Engineering and robotics design company Boston Dynamics is known for its impressively dextrous robots, and the team continues to wow people around the world with its latest releases. Now, the company’s much loved Atlas model is being pushed to its limits to discover the next generation of mobility, perception, and athletic intelligence. It has recently learned some impressive parkour moves—a sport of moving through obstacles—including jumping, running along uneven platforms, and backflips.
It took about a month of training to turn Atlas into the hardcore parkour sensation it is today. The 5-foot-tall, 190-pound robot has an on-board battery, RGB cameras and depth sensors, along with three built-in computers. Training Atlas to perform parkour sequences came with countless tumbles. However, each fall helped the AI build a more concrete understanding of the course and how best to master it. “It can be frustrating sometimes the robots crash a lot,” said Atlas Controls Lead Benjamin Stephens. “It's not the robot just magically deciding to do parkour. It's kind of a choreographed routine much like a skateboard video or a parkour video where it's an athlete who has practiced these moves dozens or hundreds of times even to get to that high level that exciting capability. So we are kind of doing the same thing here with Atlas, exploring how to push it to its limits.”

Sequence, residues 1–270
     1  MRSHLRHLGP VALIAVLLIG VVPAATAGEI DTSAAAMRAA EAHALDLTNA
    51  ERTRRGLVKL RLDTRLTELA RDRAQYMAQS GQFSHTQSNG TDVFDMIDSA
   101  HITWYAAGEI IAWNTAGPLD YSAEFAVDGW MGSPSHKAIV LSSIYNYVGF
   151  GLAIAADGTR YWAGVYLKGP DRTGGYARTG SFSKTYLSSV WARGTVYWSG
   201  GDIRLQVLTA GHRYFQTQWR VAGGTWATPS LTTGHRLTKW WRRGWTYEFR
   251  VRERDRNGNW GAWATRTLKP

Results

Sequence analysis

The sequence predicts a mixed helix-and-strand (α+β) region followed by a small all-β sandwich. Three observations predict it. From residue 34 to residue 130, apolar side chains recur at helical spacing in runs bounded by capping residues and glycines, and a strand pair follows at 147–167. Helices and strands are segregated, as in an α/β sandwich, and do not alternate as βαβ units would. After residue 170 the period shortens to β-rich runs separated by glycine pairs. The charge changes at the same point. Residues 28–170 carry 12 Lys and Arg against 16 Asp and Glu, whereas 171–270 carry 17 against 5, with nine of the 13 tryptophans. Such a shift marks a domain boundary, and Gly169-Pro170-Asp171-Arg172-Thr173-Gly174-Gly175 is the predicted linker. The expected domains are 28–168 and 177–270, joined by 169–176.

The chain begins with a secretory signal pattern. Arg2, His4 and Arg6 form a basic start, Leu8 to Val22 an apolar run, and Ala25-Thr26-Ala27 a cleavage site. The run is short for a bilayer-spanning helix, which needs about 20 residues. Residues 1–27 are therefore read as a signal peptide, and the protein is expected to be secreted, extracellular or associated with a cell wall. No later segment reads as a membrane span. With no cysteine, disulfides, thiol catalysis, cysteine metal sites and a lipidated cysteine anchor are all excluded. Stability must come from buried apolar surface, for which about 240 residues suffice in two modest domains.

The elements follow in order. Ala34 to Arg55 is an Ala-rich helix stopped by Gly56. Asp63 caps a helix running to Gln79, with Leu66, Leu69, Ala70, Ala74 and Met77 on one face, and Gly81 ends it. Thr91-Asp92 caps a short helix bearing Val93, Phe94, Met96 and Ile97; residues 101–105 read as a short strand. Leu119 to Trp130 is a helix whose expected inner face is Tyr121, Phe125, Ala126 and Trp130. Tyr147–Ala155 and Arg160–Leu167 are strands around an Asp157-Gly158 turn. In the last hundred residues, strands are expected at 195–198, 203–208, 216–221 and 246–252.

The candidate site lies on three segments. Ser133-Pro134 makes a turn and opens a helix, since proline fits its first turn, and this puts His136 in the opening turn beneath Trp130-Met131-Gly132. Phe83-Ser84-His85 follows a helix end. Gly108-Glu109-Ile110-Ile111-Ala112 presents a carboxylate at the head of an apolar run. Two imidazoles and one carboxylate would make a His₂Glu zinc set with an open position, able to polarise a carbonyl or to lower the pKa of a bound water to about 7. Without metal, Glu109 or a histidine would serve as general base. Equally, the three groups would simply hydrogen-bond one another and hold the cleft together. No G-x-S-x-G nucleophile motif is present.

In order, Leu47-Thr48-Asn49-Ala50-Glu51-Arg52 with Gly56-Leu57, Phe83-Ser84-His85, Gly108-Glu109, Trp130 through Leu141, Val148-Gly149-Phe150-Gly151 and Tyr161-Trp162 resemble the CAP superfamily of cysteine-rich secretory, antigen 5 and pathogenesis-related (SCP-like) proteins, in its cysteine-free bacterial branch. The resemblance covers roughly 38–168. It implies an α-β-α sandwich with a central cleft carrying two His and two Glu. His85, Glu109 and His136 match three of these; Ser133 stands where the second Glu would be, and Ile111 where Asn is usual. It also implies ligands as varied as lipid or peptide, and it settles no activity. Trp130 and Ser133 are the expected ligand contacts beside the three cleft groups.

By training Atlas to maneuver its way through difficult courses, Boston Dynamics is developing new movements inspired by human behaviors and pushing the humanoid robot to new heights. After all that hard work and dedication, the engineers at Boston Dynamics can sit back and reap the benefits. For the first time, the Atlas robots completed the complex obstacle course nearly flawlessly.
Scroll down to watch the full video, and follow Boston Dynamics on YouTube and Instagram to see what else these robots can do.
Watch how Boston Dynamics continues to push the boundaries of robotics with their Atlas robots performing parkour.
Want to learn more about what goes on inside the lab? Watch how Atlas works.
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h/t: [Twisted Sifter]
All images via Boston Dynamics.
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